Service for the Academic and professional recognition of foreign diplomas
Rue Adolphe Lavallée 1
The offices are open to the public on Mondays and Thursdays from 1.30pm to 4.00pm.
You can find more information at: http://www.equivalences.cfwb.be/
Boulevard du Roi Albert II 15
Tel.: 1700 or from abroad: +32 2 553 17 00
E-mail (contact form):
More information can be found at:
Here, you will find an explanation of words, terms, etc. used in the general Be-Assist FAQs.
Directive 2005/36/EC on the recognition of professional qualifications as amended by Directive 2013/55/EU. This Directive lays down the rules according to which a Member State which makes access to or the pursuit of a regulated profession in its territory contingent upon possession of specific professional qualifications ("host Member State") recognises, for the purposes of access to and pursuit of that profession, professional qualifications obtained in one or more other Member States ("Member State of origin") and which allow the holder of those qualifications to pursue the same profession there.
Can be consulted via the link: https://eur-lex.europa.eu/legal-content/EN/TXT/?uri=CELEX:02005L0036-20211210
Any state that is part of the European Union (EU) or the European Economic Area (EEA: EU plus Iceland, Liechtenstein and Norway), and Switzerland.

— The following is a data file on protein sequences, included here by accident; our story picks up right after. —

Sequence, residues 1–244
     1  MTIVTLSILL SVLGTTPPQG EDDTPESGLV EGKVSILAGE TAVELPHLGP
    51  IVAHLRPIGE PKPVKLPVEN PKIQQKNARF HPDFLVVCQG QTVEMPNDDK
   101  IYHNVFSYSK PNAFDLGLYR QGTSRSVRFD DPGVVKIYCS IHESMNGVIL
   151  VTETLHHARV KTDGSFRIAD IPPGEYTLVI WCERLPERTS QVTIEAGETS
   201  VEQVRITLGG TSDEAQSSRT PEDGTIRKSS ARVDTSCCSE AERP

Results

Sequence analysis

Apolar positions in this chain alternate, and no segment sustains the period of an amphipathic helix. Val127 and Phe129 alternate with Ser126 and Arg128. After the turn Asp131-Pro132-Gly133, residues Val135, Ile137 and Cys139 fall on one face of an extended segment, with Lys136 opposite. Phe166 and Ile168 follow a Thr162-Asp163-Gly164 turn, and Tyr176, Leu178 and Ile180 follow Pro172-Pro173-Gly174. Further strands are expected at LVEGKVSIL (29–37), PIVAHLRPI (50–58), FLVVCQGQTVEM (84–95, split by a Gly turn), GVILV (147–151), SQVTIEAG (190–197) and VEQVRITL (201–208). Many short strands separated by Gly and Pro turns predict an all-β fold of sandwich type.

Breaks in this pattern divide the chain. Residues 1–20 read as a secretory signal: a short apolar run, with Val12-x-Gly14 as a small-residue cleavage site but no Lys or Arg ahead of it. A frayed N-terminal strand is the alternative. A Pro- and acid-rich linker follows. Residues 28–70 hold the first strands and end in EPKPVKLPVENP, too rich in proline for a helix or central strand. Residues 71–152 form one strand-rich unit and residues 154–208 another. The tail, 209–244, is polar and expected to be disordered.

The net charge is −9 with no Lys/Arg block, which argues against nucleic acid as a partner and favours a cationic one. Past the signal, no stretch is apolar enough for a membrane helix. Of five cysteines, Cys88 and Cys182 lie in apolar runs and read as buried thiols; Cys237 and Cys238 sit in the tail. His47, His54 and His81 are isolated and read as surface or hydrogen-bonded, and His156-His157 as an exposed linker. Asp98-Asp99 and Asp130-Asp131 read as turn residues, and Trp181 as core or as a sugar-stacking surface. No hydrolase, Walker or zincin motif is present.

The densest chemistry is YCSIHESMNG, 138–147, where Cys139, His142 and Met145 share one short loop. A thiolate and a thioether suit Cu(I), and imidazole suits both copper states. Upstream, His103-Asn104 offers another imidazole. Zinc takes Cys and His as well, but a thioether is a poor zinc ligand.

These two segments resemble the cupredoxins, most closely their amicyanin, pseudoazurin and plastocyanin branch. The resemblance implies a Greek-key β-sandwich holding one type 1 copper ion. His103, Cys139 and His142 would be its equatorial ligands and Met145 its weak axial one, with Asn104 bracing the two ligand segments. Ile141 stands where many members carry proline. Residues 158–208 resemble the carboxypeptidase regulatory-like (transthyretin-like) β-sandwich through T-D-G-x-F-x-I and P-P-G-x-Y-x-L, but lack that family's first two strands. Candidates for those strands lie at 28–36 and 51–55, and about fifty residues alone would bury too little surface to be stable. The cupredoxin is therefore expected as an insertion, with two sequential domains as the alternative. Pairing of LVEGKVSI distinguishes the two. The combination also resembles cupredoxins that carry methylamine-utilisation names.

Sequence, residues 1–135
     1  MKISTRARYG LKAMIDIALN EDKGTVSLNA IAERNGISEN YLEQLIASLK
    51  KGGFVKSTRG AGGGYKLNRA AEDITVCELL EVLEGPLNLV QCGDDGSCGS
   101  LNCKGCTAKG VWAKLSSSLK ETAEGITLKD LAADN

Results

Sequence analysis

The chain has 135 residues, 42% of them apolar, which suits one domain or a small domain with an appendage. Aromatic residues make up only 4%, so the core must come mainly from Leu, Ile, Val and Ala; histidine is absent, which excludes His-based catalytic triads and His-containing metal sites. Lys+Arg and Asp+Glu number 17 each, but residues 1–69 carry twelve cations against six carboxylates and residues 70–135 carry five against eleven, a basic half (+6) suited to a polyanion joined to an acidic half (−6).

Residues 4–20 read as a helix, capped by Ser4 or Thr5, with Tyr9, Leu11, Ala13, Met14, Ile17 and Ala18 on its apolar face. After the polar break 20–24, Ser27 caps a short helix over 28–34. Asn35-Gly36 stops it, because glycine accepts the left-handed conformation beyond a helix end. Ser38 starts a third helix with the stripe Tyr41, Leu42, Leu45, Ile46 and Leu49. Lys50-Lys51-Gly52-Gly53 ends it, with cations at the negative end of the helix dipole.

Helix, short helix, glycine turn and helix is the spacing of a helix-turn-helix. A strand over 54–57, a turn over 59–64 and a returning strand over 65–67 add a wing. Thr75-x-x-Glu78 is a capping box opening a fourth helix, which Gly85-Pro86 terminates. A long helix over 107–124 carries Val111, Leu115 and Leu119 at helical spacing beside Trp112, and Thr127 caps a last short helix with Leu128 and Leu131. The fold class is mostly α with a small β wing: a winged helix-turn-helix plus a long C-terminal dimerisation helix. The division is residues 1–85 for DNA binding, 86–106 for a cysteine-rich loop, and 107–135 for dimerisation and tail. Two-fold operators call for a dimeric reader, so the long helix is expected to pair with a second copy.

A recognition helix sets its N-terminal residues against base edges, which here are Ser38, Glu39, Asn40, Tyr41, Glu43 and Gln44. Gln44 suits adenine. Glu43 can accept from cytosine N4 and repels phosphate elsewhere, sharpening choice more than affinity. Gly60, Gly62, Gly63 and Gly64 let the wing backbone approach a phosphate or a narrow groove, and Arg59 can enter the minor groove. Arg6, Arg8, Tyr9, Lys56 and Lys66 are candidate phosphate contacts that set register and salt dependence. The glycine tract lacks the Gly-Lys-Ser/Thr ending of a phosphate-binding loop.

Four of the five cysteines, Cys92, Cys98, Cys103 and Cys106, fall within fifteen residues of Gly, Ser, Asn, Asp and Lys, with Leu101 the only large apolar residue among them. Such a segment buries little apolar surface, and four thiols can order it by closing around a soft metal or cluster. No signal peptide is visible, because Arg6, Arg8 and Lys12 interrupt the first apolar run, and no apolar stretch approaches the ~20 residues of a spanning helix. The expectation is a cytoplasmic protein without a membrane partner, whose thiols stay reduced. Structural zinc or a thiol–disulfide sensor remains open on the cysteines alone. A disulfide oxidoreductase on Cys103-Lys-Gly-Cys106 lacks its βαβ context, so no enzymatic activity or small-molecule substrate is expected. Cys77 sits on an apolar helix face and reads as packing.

All countries that do not fall under the definition of a Member State.
Member State in which you acquired your main professional qualifications.
Member State in which you are established at the time of your application. It is often, but not always, the Member State of origin.
Member State in which you wish to pursue your activities on a temporary/occasional basis or in which you wish to establish yourself permanently.
Competent authority or body responsible for controlling or regulating access to, or pursuit of, a profession.
You can consult the list of all Belgian competent authorities at:
In the drop-down menu under the heading "Profession regulated in the following country", choose "Belgium" to find the competent authority for each profession.
Profession for which access, pursuit of, or a modality of the pursuit of (e.g. the use of the professional title) is directly or indirectly subject to the possession of specific professional qualifications.
For example, a profession such as psychologist in Belgium, where only possessing professional qualifications is required to hold the title, is therefore also a regulated profession. However, you only have to apply for recognition of your qualifications if you want to use the title. To find out which professions are regulated in Belgium and the EU/EEA/Switzerland, click on the following link:
Professional qualifications required to practise a regulated profession (e.g. academic title and internship if an internship is required to practise the profession). Article 11 of Directive 2005/36/EC sets out the way in which levels of qualifications are grouped according to level of education.